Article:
The wind was light and although the cloud was bubbling up it may not come to anything other than the odd shower, was my read of things. I was setting out towards Pitscottie, and from there I would head over the hill and into Cupar.
My niece had e-mailed me to say she had now moved into her new house, best go and have a look. Their new home is a bungalow, her husband, now an invalid, could not make the stairs in their old flat.
Ann had seen me as I approached and come to the door to greet her guest, I deposited the bike and moved back to take a photograph.
“I have not come to help with the flitting, just to see what you have and go tell the neighbours”. I greeter her.
The wife next door is flitting, do you ken,
keek cannie through the window bell and see”
Ann of course is overjoyed with her new home.
Her bairns were over to help out, cutting the grass and putting up shelves, so I only stayed long enough to have a cup f tea and guzzle down a teacake, I just could not resist.
Home and went to work, hanging a picture for my neighbours, it was one of those that needed a nail at both sides, so a bit more tricky and the measurement hand to be spot on, a wee test piece for Hamilton.
I started on “The man who cycled the world” even with all the advice and back up it was clear from the start of the book he was not a long time cyclist and was making all the ‘Schoolboy Mistakes’ of a non-touring rider. I recognised much of his faults he was making from my early day of long-distance riding. HSS (high saddle syndrome) giving him knee trouble. The sickness I sure was more down to not eating regularly and not taking sufficient water on board.
In my early days of Audax riding I experienced much the same. I had done many long trips before this but not at a pace, where you were riding against a clock so had to keep a constant mileage regardless of the terrane and unable to take long rest periods, for it you did that time would have to be made up further down the road. So you tended to push on in too high a gear rather than settling into a steady cadence and change up and down the gears to keep that cadence regular. Once you learn how to do this you can travel for hour after hour in a sort of Zen like manner.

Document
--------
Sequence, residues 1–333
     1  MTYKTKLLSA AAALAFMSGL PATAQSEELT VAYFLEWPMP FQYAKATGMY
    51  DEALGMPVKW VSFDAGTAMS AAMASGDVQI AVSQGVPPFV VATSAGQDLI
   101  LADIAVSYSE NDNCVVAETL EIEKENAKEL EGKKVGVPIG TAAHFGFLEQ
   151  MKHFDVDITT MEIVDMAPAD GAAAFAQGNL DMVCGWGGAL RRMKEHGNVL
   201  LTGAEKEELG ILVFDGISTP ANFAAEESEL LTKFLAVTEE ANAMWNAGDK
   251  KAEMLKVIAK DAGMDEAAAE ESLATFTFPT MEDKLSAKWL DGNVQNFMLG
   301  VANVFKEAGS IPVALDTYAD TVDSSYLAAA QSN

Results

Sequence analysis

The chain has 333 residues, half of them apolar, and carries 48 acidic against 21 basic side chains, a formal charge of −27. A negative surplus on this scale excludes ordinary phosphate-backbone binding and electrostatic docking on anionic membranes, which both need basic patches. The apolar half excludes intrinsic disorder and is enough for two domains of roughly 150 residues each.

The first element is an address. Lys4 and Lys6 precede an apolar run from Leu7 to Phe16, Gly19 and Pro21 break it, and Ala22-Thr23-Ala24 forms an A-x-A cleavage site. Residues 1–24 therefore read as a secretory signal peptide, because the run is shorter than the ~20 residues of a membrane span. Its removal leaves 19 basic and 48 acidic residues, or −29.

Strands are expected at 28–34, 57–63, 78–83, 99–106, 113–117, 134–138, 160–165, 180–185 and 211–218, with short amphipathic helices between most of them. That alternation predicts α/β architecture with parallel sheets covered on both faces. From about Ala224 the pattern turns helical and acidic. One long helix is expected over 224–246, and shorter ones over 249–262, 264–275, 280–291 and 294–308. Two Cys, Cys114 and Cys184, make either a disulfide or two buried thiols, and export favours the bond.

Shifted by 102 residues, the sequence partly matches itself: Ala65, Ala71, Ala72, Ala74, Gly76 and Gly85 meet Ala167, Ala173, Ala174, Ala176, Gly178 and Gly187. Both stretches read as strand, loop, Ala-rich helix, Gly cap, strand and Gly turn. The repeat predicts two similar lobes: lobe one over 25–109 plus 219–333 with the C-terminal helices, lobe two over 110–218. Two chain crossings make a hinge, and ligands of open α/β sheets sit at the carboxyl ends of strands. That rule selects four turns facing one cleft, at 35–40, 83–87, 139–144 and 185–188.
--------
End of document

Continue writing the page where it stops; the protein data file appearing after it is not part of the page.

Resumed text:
When I first moved up from 200K to 300K rides I suddenly got myself into all sorts of trouble, I was being sick and could not hold anything down, even water just came right back up like a fountain. I would stop and rest, feel better then start again and as soon as I started to cycle the sickness would immediately return. With only 50K to go back to my parked car, I persevered, not much choice really.
I arrive home early on Sunday morning and when mum saw me she insisted I call the doctor. You did not say no to mum.
The doctor was not my normal doctor being Sunday and when I arrived in his consultant room and explained what had happened, he told me he had been a doctor for the British Olympic Team, and put me right. He told me that my body was eating itself. (fall backwards in my chair) I had to drink more, and snack more often as I went.
I went onto the internet and looked up a company called Oz who sold, energy bars at much reduced price to the local cycle shop, I bought a boxful and chowed on one every hour, later I was able to reducing this as I got better able to cope and was drinking much more water and taking the odd energy drinks, throughout the day.
The other mistake I felt Mark made was thinking he could constantly do a 100-mile day after day without building in a rest day. Doing a 200K day is not that great a problem all you have to do is turn peddles for something like 8 to 12 hours, but get up the next day and do another 12-hour stint and carry on like that day after day and you will soon run into trouble.
I have done 200K days every day for a whole week – but only at a pace averaging 10mph and on a very light bike, carrying only the bare necessities. Also because I was not in any race against the clock I stopped off regularly to sight see, lots of breaks recharges the batteries at every stop, this makes all the difference even if the days is a much longer one. No mater so long as you are comfortable.
Still, Mark is a smart kid so I’m sure by the time I get into the book he will have sussed all this out for himself.